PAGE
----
Thankfully, they opted not to simply call it ‘Mass Transit’, which is good. There’s one less groaner we have to walk around with every day. But there are some issues nonetheless. For one, I’m still trying to figure out how the real acronym (MBTA, ‘Mass Bay Transit Authority, I think it is) gets shortened to ‘the T’ when people talk about the trains.
Maybe it was originally the ‘M’, and they threw that out because people got it confused with that guy in the James Bond movies; and so they tried the ‘B’ and people started calling it the ‘Bee-yatch!’ instead, so they just kept moving down the letters, and the third time was a charm. Really, I don’t know. But it doesn’t make any damned sense, as far as I can tell.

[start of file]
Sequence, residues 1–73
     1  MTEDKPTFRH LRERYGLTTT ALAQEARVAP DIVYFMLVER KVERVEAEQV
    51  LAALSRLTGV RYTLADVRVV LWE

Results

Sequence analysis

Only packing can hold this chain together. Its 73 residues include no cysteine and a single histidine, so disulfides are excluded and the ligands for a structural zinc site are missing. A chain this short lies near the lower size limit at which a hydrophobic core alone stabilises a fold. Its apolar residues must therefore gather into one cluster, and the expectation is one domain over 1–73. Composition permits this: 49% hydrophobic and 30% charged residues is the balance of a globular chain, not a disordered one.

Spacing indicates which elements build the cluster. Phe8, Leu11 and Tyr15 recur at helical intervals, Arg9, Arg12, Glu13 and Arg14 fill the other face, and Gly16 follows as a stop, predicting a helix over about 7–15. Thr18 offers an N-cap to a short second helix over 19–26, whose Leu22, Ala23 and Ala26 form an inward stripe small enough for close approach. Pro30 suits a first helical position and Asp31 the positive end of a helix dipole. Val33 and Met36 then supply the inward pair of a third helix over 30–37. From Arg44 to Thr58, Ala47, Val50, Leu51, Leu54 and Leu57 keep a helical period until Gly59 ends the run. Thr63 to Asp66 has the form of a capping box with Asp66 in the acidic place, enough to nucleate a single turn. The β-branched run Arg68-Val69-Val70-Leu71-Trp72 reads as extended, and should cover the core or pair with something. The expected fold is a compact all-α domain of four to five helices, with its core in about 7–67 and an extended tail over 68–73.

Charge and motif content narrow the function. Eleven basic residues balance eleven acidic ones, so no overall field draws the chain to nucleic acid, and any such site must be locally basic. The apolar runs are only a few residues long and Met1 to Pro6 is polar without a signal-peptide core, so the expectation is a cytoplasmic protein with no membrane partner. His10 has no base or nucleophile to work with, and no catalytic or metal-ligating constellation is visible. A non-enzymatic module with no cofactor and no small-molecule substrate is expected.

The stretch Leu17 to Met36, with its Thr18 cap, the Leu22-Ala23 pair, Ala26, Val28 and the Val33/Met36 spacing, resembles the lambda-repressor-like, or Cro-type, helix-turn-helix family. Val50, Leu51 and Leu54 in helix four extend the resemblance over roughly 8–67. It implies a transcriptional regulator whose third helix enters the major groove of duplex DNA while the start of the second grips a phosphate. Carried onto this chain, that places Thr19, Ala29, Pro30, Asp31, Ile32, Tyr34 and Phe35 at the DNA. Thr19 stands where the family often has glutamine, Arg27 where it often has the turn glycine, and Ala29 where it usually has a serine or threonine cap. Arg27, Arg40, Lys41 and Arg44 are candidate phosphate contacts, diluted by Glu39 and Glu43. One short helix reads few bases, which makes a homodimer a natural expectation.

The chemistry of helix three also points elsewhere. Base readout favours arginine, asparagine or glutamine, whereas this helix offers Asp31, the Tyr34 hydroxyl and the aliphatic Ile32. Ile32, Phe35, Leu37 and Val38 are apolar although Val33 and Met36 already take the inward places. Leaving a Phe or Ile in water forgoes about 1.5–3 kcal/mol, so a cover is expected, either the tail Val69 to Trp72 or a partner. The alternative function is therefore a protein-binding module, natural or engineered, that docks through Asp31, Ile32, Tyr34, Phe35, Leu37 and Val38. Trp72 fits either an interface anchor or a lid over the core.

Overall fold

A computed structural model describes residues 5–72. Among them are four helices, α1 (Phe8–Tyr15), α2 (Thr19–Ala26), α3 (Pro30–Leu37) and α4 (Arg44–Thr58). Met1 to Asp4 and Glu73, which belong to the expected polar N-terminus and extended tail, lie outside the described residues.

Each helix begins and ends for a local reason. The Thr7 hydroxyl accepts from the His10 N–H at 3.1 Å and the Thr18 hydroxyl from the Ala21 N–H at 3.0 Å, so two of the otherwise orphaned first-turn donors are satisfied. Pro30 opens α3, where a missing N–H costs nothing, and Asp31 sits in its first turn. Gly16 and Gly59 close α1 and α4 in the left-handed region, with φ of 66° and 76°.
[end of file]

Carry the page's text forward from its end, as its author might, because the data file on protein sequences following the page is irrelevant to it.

Or maybe it’s just ‘T’ for ‘Train’, like in some pre-schooler’s alphabet book. There are many, many well-educated, literate, eloquent people here in Boston, let me assure you, but I can understand the need for simplicity at the times when you actually need a train (namely, 8am, when you’re still drooling on your tokens as you board; 6pm, when you’re too fried to zip your fly, much less dither about whether you’re catching the ‘M’, the ‘T’, or the ‘Bee-yatch!’; and 1am, when all you really want is somewhere to pee and sleep (neither of which are allowed on the ‘T’, as it happens, though many of the cabs in Boston smell as if they’re rather flexible with one or both of the rules)).